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A new competitor in the college dictionary market
on May 1, 2002
Americans, and college students in particular, are spoiled for choice in the matter of dictionaries. There are five good college dictionaries and you won't go wrong buying any of them, so the remarks here are addressed to why the Microsoft Encarta College Dictionary might be the one for you. It is the newest of all the college dictionaries. This is both a strength and a weakness. The more mature dictionaries have had the opportunity of going through multiple editions, correcting small errors and inconsistencies that have been caught by careful readers at each stage. This has not happened yet with Encarta, as other reviewers have noted. On the other hand, Encarta has many up-to-date technical and scientific terms that have not appeared in the other dictionaries yet, and it is the strongest contender by far for inclusion of computer-related terminology and acronyms, an area of vocabulary that sends many readers to the dictionary these days. Encarta is also particularly good at including compounds with specific denotation that are not transparent to the general reader: neurolinguistic programming, intermediate bulk container, sieve tube element, to name a few.
The essay in the front of the dictionary, "Usage in Crisis?" sets out the rationale for the inclusion many of the dictionary's special features. It's two pages long and worth reading to determine if you're in the class of people that is better served by this dictionary than its competitors. If you're a college student who has difficulty spelling or who struggles with the distinction between its and it's, or their, there, and they're, this is the book for you.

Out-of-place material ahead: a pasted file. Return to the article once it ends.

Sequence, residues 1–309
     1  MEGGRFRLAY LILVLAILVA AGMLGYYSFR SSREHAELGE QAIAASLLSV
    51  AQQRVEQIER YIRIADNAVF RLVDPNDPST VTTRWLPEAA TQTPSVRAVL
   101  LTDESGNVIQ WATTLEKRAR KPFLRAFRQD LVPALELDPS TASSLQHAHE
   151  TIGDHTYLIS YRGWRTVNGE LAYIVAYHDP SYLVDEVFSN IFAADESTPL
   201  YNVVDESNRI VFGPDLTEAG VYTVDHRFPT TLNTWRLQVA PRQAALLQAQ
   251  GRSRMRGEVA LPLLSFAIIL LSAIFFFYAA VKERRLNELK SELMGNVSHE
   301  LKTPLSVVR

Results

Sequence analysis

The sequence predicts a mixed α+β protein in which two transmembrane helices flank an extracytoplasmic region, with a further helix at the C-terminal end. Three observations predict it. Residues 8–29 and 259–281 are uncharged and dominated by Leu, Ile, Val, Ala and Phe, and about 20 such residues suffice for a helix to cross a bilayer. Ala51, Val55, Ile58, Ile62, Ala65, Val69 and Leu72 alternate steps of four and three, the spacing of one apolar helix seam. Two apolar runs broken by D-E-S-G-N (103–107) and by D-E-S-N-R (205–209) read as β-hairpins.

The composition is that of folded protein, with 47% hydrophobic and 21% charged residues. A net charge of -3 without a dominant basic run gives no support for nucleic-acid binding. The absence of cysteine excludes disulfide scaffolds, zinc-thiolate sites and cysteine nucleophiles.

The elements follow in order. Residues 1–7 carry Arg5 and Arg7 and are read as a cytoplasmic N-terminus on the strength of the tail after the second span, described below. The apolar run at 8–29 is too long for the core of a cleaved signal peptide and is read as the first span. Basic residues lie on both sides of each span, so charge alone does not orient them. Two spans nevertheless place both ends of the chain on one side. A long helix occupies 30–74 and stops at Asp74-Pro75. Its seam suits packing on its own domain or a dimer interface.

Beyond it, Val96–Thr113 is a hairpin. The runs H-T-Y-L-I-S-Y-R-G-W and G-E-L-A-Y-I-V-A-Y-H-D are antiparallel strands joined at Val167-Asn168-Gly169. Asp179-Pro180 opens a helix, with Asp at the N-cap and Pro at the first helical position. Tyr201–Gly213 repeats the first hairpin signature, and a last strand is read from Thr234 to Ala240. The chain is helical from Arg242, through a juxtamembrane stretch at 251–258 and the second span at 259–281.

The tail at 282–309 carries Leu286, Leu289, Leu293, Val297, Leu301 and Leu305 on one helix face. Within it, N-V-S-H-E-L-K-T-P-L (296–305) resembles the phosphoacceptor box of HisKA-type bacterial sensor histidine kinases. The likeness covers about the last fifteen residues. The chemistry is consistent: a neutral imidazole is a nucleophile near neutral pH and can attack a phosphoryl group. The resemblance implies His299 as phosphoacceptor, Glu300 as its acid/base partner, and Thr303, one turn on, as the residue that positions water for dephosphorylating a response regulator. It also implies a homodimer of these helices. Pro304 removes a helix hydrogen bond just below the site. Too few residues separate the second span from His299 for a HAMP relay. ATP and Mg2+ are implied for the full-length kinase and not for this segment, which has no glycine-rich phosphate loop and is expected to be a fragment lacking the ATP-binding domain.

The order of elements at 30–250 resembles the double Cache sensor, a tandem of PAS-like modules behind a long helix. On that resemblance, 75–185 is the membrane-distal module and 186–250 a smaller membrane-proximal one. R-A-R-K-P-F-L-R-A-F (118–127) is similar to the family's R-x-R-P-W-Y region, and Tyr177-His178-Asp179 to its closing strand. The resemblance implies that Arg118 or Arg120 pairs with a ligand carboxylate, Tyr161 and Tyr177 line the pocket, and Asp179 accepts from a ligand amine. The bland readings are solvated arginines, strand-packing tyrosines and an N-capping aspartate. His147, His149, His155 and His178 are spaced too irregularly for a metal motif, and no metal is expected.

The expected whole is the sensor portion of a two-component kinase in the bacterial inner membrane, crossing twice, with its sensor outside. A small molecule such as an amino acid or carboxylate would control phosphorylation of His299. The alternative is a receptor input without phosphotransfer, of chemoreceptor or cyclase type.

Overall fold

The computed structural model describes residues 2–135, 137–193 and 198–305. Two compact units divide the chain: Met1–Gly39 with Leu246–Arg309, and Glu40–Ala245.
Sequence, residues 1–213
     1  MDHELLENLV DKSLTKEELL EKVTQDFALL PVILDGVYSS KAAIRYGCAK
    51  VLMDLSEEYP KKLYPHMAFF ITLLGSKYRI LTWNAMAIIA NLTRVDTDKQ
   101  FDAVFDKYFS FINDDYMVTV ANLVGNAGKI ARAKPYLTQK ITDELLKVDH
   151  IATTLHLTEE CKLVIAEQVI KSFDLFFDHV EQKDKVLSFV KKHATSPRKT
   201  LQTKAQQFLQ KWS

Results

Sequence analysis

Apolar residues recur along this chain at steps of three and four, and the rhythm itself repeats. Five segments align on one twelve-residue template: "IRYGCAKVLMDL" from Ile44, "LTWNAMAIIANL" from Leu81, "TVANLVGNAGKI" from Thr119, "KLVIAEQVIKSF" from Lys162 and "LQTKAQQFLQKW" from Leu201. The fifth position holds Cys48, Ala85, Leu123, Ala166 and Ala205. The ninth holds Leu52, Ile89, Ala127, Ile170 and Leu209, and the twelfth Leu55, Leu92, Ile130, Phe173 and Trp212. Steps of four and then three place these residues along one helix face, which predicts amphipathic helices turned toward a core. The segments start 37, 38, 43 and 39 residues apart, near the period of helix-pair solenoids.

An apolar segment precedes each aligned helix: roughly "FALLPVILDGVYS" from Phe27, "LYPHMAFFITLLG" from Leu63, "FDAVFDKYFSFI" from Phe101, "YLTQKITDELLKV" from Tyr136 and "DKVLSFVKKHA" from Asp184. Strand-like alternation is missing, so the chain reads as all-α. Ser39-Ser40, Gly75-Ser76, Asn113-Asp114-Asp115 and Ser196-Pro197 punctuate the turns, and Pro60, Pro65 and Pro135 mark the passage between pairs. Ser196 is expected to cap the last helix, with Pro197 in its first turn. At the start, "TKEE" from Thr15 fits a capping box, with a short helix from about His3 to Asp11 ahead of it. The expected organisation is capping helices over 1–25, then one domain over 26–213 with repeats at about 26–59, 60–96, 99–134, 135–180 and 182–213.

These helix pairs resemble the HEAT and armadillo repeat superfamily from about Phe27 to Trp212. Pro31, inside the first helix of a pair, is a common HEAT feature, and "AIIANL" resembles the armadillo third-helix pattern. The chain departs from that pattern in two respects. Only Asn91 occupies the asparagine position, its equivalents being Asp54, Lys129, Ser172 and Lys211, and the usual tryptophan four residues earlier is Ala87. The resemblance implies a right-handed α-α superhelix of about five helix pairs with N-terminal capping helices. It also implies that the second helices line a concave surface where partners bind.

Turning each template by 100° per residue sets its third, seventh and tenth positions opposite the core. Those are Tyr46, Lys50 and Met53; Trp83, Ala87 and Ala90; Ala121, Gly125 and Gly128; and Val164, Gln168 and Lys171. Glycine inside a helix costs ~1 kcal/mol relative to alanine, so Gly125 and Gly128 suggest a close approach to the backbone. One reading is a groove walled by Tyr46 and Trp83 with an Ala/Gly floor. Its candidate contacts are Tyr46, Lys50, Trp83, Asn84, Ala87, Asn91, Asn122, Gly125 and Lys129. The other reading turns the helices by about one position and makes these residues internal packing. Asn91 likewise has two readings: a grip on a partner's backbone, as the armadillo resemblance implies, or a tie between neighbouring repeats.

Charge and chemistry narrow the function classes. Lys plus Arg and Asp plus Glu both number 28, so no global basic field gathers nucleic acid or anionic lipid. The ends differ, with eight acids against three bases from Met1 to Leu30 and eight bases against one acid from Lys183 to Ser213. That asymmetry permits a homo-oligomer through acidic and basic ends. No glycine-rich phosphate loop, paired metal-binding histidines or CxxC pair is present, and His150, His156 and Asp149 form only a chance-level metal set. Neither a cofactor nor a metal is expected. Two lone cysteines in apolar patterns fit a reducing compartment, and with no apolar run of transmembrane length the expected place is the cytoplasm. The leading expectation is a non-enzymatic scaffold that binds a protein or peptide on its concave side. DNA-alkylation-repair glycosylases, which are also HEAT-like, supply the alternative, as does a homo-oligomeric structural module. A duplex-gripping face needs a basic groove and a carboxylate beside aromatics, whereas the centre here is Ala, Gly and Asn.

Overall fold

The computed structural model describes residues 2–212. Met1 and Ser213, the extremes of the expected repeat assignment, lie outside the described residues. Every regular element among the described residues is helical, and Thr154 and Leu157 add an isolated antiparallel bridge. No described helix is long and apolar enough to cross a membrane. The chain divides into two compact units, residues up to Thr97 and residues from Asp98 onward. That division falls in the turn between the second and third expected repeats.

This dictionary has considerably more British bias than any of the other college dictionaries. Subtle British bias leaks through in both the headword list and in definition language. For example, the dictionary includes the fairly obscure, and not difficult to understand British vulgarism f...wit," yet does not have an entry for the far more common, and less transparent American slang term "dirtball." The definition at "tag wrestling" notes that competitors "take it in turns . . ." The American idiom is simply "take turns" and would have sufficed here. The flipside and upside of this bias is that you'll find better coverage in this dictionary of British English than the other college dictionaries provide.
For those who enjoy lingering over pages in the dictionary, this one is far easier on the eyes than most. The distinct typeface of the headwords easily sets them off from the definition text. The quick definitions in long entries are a useful way of navigating through them while looking for a particular sense. As a completely new dictionary, the Encarta is not encumbered by a tradition of style and presentation format that was developed long before the information age. Its fresh start in terms of presentation and inclusion support its claim to be the first dictionary of the Internet age.